After thin legs have fought their way back into the bright golden glass base from the sharply jagged Kannte on the glass wall, gooseberries, peaches and pineapples drift over the rim of the glass, but most clearly light grapes and rhubarb compote with strong sweetened whipped cream. Creamy meadow honey, cookie dough and vanilla ice cream, a hazelnut multi-fruit granola bar and an aniseed lemon candy continue the strong sweetness. I like that, especially when the already dominant sweetness is gradually complemented by the oily-waxy Brennereicharakter suit: meadow grass, carrot pencils, chalk, suede, a few chips of rotten wood on the garden fence and some apple cider vinegar on the rusty hinges somehow leave nut oil and nail polish remover meet.
Initially oily-waxy-sweet with pineapple, rhubarb, sugarcane and forest honey on the palate, this impression quickly turns into a rather sweet-sour, dry, grassy-strawy taste, such as nutshells and black tea, or as if you had at the Bunch of grapes in the mouth suddenly bitten on the seeds. The cask strength is noticeable with sharpness and pepper, slightly scorched sawdust, vinegar and lime.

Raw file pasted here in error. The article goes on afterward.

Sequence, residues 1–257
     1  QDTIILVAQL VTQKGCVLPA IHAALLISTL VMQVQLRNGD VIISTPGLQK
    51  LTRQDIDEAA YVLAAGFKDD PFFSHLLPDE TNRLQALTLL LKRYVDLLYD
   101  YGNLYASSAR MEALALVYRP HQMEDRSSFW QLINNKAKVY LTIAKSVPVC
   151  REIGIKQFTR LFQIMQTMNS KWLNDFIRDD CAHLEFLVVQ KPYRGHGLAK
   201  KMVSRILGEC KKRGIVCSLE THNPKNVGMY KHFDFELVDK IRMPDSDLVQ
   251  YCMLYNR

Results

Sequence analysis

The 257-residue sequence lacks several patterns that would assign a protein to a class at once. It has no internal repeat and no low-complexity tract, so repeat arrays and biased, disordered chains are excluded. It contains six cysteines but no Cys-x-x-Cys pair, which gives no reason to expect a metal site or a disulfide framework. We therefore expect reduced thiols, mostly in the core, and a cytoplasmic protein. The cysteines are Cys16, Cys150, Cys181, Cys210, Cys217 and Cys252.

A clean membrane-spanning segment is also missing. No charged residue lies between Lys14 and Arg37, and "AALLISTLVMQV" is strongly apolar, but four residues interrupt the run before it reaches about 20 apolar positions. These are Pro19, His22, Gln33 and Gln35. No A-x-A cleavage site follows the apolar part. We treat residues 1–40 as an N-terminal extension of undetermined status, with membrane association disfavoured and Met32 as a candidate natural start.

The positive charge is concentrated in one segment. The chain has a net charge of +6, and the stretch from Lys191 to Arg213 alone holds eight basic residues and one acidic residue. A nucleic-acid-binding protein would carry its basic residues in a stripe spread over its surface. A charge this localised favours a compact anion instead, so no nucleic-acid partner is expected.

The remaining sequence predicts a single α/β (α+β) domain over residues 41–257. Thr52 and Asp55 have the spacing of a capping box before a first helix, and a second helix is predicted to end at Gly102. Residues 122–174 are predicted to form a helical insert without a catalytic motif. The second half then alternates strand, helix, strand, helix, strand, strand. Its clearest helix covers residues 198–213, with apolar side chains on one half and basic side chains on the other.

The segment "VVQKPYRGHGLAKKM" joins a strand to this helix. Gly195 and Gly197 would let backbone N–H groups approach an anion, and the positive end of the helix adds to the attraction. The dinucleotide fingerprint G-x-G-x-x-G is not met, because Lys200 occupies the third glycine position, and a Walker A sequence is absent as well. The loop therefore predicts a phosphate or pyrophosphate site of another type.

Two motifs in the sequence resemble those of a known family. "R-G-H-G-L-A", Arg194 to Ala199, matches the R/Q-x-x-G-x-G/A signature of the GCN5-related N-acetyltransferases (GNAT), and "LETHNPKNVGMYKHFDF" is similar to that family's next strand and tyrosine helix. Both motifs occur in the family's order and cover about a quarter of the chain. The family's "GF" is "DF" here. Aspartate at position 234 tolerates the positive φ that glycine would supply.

This impression burns for a while, not quite ripe pineapple, green banana, anise, fruit vinegar and grassy notes alternate with nutty forest honey, pencil sharpener and finally even a slightly charred pork rind and some wood glue.
With water, the nose loses something of the very fresh and spicy aromas, but the biscuit and grapes are all the more emphasized. The greatest effect, however, is the water during the tasting: less bitter or sour, the sweet tones remain predominantly, only later, wax, suede and lime, until at first a more balanced impression remains: more grapes - fewer seeds, one could summarize ,